1) Forrest Shreve, Ira Loren Wiggins “Vegetation and Flora of the Sonoran Desert” Volume 1 Stanford University Press, 1964
2) Wikipedia contributors. "Mammillaria angelensis." Wikipedia, The Free Encyclopedia. Wikipedia, The Free Encyclopedia, 8 Mar. 2013. Web. 1 Nov. 2014.
3) Robert T. Craig “The Mammillaria handbook: with descriptions, illustrations, and key to the species of the genus Mammillaria of the Cactaceae” E P Publishing, 1945
4) John Pilbeam “Mammillaria The Cactus File Handbook” Cirio Pub. Services, 01/Dec/1999Edward Anderson “The Cactus family” Timber Press, Incorporated, 2001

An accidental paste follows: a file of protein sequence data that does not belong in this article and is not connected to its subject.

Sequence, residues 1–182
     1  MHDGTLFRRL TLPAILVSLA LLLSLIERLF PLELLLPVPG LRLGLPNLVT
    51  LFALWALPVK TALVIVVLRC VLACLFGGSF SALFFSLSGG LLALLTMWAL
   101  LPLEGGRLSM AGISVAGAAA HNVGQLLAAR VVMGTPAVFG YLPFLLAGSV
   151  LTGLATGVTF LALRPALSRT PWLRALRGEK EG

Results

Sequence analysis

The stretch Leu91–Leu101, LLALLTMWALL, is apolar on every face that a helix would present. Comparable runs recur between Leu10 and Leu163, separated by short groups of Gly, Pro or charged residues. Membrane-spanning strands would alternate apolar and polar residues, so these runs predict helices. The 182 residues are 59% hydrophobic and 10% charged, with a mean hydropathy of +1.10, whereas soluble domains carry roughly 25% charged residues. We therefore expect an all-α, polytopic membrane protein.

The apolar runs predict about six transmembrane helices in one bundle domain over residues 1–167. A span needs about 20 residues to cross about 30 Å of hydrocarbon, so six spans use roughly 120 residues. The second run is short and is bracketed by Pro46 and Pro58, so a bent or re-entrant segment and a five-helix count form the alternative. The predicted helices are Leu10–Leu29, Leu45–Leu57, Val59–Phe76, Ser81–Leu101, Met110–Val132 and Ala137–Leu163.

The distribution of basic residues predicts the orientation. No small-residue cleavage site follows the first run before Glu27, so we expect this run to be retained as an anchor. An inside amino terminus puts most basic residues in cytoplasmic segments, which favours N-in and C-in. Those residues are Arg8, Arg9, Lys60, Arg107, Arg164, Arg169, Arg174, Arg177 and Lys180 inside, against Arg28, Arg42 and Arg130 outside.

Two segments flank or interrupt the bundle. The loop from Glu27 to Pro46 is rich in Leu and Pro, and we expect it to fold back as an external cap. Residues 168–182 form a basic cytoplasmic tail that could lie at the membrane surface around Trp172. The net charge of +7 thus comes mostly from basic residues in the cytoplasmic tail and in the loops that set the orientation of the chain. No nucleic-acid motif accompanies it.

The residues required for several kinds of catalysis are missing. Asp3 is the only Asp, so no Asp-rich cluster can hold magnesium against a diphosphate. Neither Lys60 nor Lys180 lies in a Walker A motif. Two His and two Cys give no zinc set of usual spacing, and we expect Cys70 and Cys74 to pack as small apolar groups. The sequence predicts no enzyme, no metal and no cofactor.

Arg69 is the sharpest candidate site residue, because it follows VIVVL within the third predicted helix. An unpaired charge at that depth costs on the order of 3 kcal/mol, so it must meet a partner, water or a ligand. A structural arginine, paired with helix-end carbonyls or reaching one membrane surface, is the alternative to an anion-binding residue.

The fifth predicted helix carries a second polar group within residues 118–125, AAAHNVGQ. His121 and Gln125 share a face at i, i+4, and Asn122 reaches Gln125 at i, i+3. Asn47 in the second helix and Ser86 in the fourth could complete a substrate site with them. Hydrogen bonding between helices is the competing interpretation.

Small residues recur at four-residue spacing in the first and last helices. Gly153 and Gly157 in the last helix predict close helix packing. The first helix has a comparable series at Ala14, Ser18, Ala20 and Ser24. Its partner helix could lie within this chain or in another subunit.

5) James Cullen, Sabina G. Knees, H. Suzanne Cubey "The European Garden Flora Flowering Plants: A Manual for the Identification of Plants Cultivated in Europe, Both Out-of-Doors and Under Glass" Cambridge University Press, 11/Aug/2011
6) David R Hunt; Nigel P Taylor; Graham Charles; International Cactaceae Systematics Group. "The New Cactus Lexicon" dh books, 2006
7) Ted J. Case, Martin L. Cody “Island Biogeography in the Sea of Cortéz” University of California Press, 01/Jan/1983
Cochemiea dioica subs. angelensis (Mammillaria angelensis) Photo by: Viviana Alejandra Castro
The gallery now contains thousands of pictures, however it is possible to do even more. We are, of course, seeking photos of species not yet shown in the gallery but not only that, we are also looking for better pictures than those already present. Read More...